Three out of the five meta-analysis studies were included in the meta-meta-analysis to evaluate the diagnostic accuracy of TE for staging liver fibrosis F ≥ 3 (severe fibrosis). We found 81.9% pooled sensitivity (95% CI: 79.9-83.7%; P < 0.001) (I2 = 0%) and 84.7% pooled specificity (95% CI: 81.3-87.6%) (I2 = 81%; P = 0.02) (Fig. 2a, b).

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Figure 2. (a) Sensitivity of stage F3. (b) Specificity of stage F3.

Stage F4: sensitivity, specificity and diagnostic odds ratio

Five meta-analysis studies have reported the performance of transient elastography in detecting fibrosis stage 4/liver cirrhosis. We found 84.8 % pooled sensitivity (95% CI: 81.4-87.7%) (I2 = 86.4%; P < 0.001), 87.5% pooled specificity (95% CI: 85.4-89.3%) (I2 = 90%; P < 0.001) and pooled diagnostic OR (41.8; 95% CI: 3.9 - 56.5) (I2 = 87%; P < 0.001) (Fig. 3a-c).

Click for large image
Figure 3. (a) Sensitivity of stage F4. (b) Specificity of stage F4. (c) Diagnostic odds ratio of stage F4.

This meta-meta-analysis evaluated diagnostic accuracy of TE in detecting F4 stage of liver fibrosis compared to gold standard liver biopsy in patients with chronic liver disease. We included five studies with a total of 124 sub-studies and 20,341 patients in our analysis. Three studies have reported the diagnostic accuracy of TE in detecting F3/severe fibrosis stage and found 81.9% pooled sensitivity (95% CI: 79.9-83.7%; P < 0.001) (I2 = 0%) and 84.7% pooled specificity (95% CI: 81.3-87.6%) (I2 = 81%; P = 0.02). All five studies which were included in our meta-meta-analysis reported the diagnostic accuracy of TE in detecting F4/liver cirrhosis stage. We found 84.8% pooled sensitivity (95% CI: 81.4-87.7%) (I2 = 86.4%; P < 0.001), 87.5% pooled specificity (95% CI: 85.4-89.3%) (I2 = 90%; P < 0.001) and pooled diagnostic OR (41.8; 95% CI: 3.9 - 56.5) (I2 = 87%; P < 0.001). Our findings indicate that TE has high diagnostic performance for detecting liver fibrosis stages 3 and 4. This supports the use of TE as an alternative to invasive methods like liver biopsy for assessing advanced stages of chronic liver disease and avoiding its complications/limitations.

There are few studies supporting our results such as Qi et al’s study which found that sensitivity, specificity, and diagnostic OR of TE at F4 in chronic hepatitis B (CHB) infection was 78%, 84%, and 14.44, respectively [24]. Similarly, Zhang et al’s study used TE for predicting a negative predictive value in advanced fibrosis and cirrhosis in CHB were 92.4% and 98.7%, respectively [25]. Meta-analysis by Talwalkar et al included nine studies and showed a pooled estimate for sensitivity 87% and for specificity 91% in patients with stage 4 fibrosis suggesting good performance of TE which is similar to our findings [26]. Tsochatzis et al included 40 studies and found that the sensitivity and specificity were dependent on the degree of fibrosis [27]. They found that for F2 stage disease, the sensitivity and specificity were 79% and 78%, respectively, whereas for cirrhosis they were 83% and 89%. They also determined that accuracy of TE as evaluated by post-test biopsy was 78% for F2 stage disease and 88% for cirrhosis. Our study also points towards similar results by showing higher diagnostic accuracy in detecting fibrosis at the F4 stage compared to F3 stage.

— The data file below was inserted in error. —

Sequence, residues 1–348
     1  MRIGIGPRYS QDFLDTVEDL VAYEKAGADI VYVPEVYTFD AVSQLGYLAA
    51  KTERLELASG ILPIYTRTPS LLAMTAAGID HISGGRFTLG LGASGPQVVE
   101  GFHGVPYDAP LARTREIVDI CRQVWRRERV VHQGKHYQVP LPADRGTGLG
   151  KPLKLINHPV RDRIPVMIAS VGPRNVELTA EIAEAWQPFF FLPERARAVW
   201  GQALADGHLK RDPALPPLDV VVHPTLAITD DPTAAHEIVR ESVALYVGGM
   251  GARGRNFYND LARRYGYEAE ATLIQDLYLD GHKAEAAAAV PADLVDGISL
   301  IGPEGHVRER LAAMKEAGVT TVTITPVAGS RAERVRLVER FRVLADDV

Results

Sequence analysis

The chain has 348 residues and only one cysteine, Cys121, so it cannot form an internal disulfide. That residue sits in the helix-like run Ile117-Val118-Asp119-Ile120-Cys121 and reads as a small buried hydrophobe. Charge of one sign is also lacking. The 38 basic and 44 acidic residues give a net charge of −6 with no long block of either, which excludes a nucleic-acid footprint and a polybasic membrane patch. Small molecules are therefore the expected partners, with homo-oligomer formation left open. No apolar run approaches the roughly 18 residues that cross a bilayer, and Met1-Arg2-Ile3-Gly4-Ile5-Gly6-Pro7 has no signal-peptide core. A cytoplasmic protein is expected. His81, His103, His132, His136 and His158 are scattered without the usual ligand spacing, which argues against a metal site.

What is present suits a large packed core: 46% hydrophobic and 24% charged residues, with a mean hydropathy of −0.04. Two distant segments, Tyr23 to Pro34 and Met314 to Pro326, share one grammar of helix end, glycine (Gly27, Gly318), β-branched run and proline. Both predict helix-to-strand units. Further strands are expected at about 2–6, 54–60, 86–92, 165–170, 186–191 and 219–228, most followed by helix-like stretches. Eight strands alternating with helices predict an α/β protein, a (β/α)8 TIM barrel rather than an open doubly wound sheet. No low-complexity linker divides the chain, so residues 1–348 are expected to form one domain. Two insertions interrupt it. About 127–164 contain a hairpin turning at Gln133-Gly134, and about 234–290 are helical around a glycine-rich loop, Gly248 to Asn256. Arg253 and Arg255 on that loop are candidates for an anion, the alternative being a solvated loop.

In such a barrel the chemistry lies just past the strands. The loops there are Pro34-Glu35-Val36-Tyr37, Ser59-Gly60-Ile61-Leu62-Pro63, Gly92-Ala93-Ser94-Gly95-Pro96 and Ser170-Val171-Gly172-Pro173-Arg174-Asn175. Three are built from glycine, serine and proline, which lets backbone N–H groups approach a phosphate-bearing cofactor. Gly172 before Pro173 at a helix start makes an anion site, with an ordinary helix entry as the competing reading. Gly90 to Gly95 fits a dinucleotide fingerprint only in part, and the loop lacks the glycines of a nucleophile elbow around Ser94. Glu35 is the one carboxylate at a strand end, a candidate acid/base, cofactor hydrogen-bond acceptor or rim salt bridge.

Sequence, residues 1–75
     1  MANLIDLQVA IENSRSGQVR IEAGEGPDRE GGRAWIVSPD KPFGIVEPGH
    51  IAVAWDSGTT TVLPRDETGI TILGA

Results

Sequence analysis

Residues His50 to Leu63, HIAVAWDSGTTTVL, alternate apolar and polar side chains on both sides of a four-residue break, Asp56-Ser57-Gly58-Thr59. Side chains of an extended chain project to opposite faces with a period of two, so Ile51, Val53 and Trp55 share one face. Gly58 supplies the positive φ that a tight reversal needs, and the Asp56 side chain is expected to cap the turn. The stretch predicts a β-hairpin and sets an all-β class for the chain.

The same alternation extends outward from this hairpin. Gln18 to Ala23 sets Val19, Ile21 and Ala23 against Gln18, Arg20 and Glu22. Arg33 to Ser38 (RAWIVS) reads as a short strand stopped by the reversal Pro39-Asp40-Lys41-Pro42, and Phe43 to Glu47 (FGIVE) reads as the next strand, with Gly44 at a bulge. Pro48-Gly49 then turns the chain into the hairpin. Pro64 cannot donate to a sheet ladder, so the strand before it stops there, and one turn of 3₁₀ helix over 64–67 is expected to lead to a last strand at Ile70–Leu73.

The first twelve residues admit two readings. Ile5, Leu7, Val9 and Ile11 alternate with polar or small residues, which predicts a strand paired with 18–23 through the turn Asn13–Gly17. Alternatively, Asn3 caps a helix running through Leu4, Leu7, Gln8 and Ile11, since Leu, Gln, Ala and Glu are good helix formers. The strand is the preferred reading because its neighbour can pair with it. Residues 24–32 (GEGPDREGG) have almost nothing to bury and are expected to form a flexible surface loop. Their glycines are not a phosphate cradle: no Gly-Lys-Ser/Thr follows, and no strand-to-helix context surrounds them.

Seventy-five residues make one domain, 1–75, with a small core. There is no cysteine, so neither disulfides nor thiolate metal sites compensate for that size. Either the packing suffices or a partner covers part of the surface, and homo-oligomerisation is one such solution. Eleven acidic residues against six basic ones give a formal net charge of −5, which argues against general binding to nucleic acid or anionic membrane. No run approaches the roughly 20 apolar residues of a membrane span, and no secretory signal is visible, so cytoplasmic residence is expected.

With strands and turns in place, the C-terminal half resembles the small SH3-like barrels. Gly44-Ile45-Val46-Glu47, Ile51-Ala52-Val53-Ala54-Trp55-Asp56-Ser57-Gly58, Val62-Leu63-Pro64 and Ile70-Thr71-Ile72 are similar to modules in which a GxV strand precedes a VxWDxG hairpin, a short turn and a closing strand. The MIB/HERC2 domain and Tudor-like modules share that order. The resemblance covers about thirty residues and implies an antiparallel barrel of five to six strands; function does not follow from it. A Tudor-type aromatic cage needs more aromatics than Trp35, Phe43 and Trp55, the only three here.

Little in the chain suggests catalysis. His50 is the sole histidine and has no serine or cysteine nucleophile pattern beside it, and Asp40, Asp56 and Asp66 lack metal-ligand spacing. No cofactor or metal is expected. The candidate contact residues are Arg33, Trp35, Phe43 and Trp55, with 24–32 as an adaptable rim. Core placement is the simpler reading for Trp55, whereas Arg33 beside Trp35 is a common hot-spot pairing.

The meta-analysis of Stebbing et al included 22 studies and found that the sensitivity was 71.9%, specificity was 82.4% for significant fibrosis (≥ F2) and they were 84.5% and 94.7%, respectively, for cirrhosis [28]. Friedrich-Rust et al performed a meta-analysis that assessed the overall performance of TE for diagnosing liver fibrosis and they also analyzed what factors influence the accuracy [29]. They included 50 studies and found that the mean AUROC curve varied depending on the severity of the fibrosis; the AUROC for significant fibrosis (F ≥ 2) was 0.84, for severe fibrosis (F ≥ 3) was 0.89, and for cirrhosis (F ≥ 4) was 0.94. Factors that influenced AUROC were underlying liver disease, scoring system used, and country. Another systematic review and meta-analysis was done by Adebajo et al, comparing TE with liver biopsy for the detection of significant fibrosis (five studies) and cirrhosis (five studies) in patients with recurrent hepatitis C virus (HCV) after liver transplant. The results yielded excellent TE estimates of the sensitivity and specificity for detecting cirrhosis (F ≥ 4) and good estimates for detecting significant fibrosis (F ≥ 2) [23].

Elastography mainly aims at imaging the stiffness of the liver. The various types of elastography include quasi-static method elastography, vibro-acoustography, and TE. TE uses the acoustic force; therefore, it might slightly displace the tissue from its focal point [30]. A study done by Burriel et al has mentioned that TE has an overall 12% chance of being a cost-effective intervention for the European and Asian population [31]. TE is non-invasive and easy to use, and can be done repeatedly [32]. However, there are several limitations of TE which include minimal anatomic orientation, limited depth of penetration, and patient positioning requirements [33, 34]. Shear wave propagation is also attenuated by fluid and adipose tissue [33, 35]. Hence, these limitations may result in failed examinations in patients who are obese, who have anatomic distortions, ascites, and elevated central venous pressures [36]. Factors associated with unreliable results included body mass index (BMI) > 30 kg/m2, age > 52 years, female sex, operator inexperience, and type 2 diabetes mellitus [33].

Even though liver biopsy is the standard gold test, there are disadvantages associated like hemorrhage and blood transfusion due to bleeding and mortality risk [37]. In addition, it also depends on the pathologist; the chance of error rate in disease staging is 20% [38].